Playing fair:
Need transparent, easy-to-understand water rights laws

In more than 35 years of watching greater Albuquerque grow and sprawl beyond its means, I've never seen a serious, dollars-and-cents attempt to deal with the price we pay for unbridled development.

But quite suddenly, and very late in the game, the City-County Water Authority, not in existence 10 years ago, is saying that a massive, politically anointed development, Mesa del Sol, must agree to pay the price for the rights to its water, despite Mesa del Sol's adamant assertion that water rights went with the land and the development agreement with the city it made nearly 14 years ago.

And so it goes with water in New Mexico.

Have we finally reached the moment when we have to take the relationship between water and growth seriously? Perhaps we have. But how do we do that fairly?

Is it possible to change state laws that allow cities and developers to build and grow on the mere promise of attaining water rights, like Rio Rancho and many developments have? That's the first step in a fair process.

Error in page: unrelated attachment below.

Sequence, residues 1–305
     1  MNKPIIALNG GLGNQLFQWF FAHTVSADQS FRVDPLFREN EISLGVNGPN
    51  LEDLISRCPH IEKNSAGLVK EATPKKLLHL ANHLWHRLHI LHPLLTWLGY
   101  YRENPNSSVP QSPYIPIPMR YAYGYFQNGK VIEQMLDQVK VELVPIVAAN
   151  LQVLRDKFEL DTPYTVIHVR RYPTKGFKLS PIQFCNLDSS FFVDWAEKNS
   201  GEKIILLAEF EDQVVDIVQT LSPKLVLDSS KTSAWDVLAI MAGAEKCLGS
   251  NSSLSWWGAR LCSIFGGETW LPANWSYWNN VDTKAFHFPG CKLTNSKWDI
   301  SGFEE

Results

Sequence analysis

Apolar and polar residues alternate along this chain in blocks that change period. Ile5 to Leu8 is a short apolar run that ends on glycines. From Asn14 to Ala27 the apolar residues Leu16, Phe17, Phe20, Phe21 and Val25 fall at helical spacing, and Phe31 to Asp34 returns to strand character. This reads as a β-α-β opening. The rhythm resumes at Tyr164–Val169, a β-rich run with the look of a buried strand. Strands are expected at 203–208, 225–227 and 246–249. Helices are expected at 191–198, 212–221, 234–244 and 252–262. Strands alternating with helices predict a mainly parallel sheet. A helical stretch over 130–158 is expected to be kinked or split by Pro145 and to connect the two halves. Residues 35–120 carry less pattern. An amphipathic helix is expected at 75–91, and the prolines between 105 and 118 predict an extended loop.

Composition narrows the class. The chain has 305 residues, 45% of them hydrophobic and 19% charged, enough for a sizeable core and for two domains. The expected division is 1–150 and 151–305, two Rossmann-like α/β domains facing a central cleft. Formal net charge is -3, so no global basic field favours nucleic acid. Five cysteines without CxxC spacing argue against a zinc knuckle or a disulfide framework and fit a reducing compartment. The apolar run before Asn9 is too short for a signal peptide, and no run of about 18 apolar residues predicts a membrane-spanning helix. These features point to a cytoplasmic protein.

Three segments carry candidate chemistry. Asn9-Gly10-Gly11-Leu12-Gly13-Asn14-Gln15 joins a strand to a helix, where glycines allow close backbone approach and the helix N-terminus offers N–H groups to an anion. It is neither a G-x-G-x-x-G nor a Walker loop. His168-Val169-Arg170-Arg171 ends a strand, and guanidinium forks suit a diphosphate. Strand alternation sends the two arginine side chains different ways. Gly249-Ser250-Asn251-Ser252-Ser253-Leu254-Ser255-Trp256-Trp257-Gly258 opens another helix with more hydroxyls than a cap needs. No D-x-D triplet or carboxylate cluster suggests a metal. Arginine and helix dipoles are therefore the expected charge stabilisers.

Can we stop cutting secret deals, using confusing numbers and units of usage to befuddle citizens? Can we stop using water as part of a package of perks to lure industries and builders?

Is it possible to create a truly transparent water rights process, in which everyone - private well-users, big developers and businesses, such as Eclipse and Tesla Motors - has to play by the same water rules?

Can we stop the development wars between the sprawling West Side and the in-filling East Side; between the county and its West Side interests, such as SunCal; and the city and its infill interests, such as Mesa del Sol?

Is it possible to move existing city and county development strategies away from promoting rampant growth to focusing on sustainability and conservation of resources?

Will citizens ever be able to actually peer into the obscure workings of a major water power in our area, the Middle Rio Grande Conservancy District, and bring light to its invisible but vital history of deals and other administrative curiosities?

Is fairness possible? That's a big question. Former Albuquerque Mayor Jim Baca, an original supporter of Mesa del Sol, argued recently in his blog, "Only in New Mexico," that if Mesa del Sol gets tangled up in new water rules, then all development on the West Side should stop until all its water rights are cleared up or acquired.

If a major project such as Mesa del Sol should end up in court over water, "a whole box of Pandoras," as then-Gov. Bruce King used to say, will be opened.

All the conflicts of interest, shady dealings, outright lies and deceptions about water that have plagued the Albuquerque area for years might actually see the light. Maybe that's the only way to fix the mess we are in.

V.B. Price is an Albuquerque free-lance writer, author, editor and commentator.
April 27, 2007